"Like learning a foreign language!"

In an interview, Niklas Stark talks about what was on his mind during quarantine, the mood within the team and the season getting back underway against TSG Hoffenheim on Saturday (16.05.20, 15:30 CEST).

Berlin - Almost two months ago to the day was when the decision was made that Hertha’s away game against TSG Hoffenheim would take place behind closed doors due to the coronavirus pandemic. “We have to accept the situation,” was what Niklas Stark said a few days after in an interview with What neither the Hertha vice-captain, nor the rest of the country could know by then was the effect that the novel coronavirus would have on everyday life. For the Bundesliga, the rapid spread of the virus resulted in a last-minute decision to postpone matchday 26, which eventually turned into the season being put on hold for nine weeks. During this time, the 25-year-old had to enter into quarantine twice, and kept busy by training at home before progressing to small group sessions with his teammates. Now, Stark has shifted his focus towards Saturday afternoon (15:30 CEST), when the Blue-Whites will return to the pitch to face ninth-place Hoffenheim. Nik, when we last spoke in March there was no way of knowing the impact that the coronavirus would have on the world. We have several uncertain weeks behind us now. Can you describe what these last weeks have been like for you?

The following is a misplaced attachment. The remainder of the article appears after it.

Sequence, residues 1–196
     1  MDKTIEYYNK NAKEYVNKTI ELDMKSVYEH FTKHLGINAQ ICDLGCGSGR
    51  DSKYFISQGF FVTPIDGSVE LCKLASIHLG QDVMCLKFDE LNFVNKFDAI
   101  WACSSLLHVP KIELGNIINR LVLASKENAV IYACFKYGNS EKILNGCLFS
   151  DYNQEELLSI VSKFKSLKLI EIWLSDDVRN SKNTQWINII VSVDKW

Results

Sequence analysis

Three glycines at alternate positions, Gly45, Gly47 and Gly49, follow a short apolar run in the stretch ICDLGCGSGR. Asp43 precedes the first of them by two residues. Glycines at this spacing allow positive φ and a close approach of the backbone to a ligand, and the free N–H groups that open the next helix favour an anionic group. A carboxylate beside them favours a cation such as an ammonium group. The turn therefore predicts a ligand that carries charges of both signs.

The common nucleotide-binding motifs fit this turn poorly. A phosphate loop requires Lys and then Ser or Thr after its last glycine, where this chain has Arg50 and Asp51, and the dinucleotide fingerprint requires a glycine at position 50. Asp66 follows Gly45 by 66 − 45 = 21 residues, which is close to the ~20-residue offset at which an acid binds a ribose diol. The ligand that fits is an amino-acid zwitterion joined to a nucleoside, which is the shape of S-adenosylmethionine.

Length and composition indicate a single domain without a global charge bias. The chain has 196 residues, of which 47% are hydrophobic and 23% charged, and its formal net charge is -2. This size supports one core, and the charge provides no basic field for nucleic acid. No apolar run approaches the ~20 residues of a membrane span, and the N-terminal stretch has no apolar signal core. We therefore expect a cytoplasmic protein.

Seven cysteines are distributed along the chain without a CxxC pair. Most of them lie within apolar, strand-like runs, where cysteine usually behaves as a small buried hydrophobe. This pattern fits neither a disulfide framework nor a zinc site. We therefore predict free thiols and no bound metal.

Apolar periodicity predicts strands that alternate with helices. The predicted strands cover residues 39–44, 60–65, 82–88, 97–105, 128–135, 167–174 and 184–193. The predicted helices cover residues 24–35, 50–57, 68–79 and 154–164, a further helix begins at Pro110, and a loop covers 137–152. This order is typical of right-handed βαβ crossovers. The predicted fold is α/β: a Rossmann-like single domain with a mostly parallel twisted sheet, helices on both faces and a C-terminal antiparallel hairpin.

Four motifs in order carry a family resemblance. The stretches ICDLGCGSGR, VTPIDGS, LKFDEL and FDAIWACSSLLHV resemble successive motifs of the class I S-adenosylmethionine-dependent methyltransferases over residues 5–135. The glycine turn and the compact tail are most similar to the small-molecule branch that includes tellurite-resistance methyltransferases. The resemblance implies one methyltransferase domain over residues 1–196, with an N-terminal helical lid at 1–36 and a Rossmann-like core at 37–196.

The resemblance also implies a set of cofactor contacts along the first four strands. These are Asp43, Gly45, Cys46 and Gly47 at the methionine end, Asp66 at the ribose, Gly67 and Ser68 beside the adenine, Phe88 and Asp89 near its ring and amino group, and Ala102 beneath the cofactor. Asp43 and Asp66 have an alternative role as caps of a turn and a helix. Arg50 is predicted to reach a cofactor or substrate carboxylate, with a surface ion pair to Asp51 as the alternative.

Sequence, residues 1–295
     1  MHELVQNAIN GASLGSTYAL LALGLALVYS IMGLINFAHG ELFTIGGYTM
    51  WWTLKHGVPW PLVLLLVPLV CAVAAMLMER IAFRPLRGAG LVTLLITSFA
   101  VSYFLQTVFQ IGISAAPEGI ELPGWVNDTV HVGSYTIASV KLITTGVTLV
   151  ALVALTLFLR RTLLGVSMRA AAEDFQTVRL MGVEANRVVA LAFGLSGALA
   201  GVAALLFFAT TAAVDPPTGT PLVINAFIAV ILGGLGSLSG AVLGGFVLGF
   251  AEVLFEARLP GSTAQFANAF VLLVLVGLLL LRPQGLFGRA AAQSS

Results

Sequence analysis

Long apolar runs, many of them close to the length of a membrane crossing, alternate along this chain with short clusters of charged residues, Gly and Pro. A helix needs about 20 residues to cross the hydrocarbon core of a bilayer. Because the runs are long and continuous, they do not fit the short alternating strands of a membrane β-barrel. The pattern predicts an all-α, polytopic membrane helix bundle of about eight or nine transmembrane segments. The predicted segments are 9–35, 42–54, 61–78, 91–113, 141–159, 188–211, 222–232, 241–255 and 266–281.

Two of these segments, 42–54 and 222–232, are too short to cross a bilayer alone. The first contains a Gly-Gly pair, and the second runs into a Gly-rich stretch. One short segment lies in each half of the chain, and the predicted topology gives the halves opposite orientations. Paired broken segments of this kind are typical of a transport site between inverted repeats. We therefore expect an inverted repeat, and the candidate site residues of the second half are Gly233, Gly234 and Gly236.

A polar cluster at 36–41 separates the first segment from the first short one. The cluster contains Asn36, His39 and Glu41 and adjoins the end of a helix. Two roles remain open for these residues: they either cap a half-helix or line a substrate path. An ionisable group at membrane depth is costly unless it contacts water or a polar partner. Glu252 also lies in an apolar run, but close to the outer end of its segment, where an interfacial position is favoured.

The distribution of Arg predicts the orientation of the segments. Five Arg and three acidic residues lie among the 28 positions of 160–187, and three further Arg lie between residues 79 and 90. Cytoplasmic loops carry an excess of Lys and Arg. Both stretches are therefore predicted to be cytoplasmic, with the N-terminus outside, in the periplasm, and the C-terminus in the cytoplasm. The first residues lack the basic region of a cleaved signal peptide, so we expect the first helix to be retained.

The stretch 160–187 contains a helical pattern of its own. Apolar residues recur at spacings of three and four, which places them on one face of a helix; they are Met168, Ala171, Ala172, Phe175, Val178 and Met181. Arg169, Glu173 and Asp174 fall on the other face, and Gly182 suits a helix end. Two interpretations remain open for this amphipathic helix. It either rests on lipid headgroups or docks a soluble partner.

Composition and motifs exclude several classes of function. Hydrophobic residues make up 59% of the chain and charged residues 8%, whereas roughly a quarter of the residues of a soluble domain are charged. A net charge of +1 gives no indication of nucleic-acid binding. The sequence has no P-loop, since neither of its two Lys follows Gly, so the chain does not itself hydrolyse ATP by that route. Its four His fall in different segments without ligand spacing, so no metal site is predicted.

Stark: It started with some really shocking news. All of a sudden we were caught right in the middle of the crisis, although it didn’t feel as though it was that close to us. Simply talking about it is much different from experiencing it directly. Not just with the game being postponed, but then having to quarantine shortly afterwards due to someone within our team testing positive. It was a different feeling because at that point, we were directly affected and had been in contact with the individual. Of course, it was a whole lot worse for the player who was affected. That’s when I started to get a bit worried. Had I been infected? Could I have infected someone else? How are my family and friends doing? Or just generally, how will things go from here? I think several other people had similar concerns. Being in quarantine then definitely made it feel very real once again, especially since - despite testing negative myself - I had to quarantine two more times after potentially entering into contact with someone who had been infected. Football is finally getting back underway now. How excited is everyone ahead of the game against Hoffenheim on Saturday?

Stark: It's a huge opportunity that ourselves and the Bundesliga have been given here, and we've had a lot of luck. Along with that, of course, comes the expectation and responsibility that we will have to take very seriously. Now we have the chance to get back playing again and with that, the chance to emerge from this horrid situation. We all know it's going to be a little strange, but we have to deal with it and get back to playing our game. Of course I'm incredibly excited but I'm also a little cautious about the unknown. Playing games without supporters will be unusual, even if we have been training in the Olympiastadion. Normally, we would thrive off the atmosphere, the fans would push us and often move us to victory. Now that's not a possibility. There’s some public debate regarding the justifiability of the restart. Because of Salomon Kalou’s video, you all were involuntarily dragged into the media. Has his misconduct been discussed internally?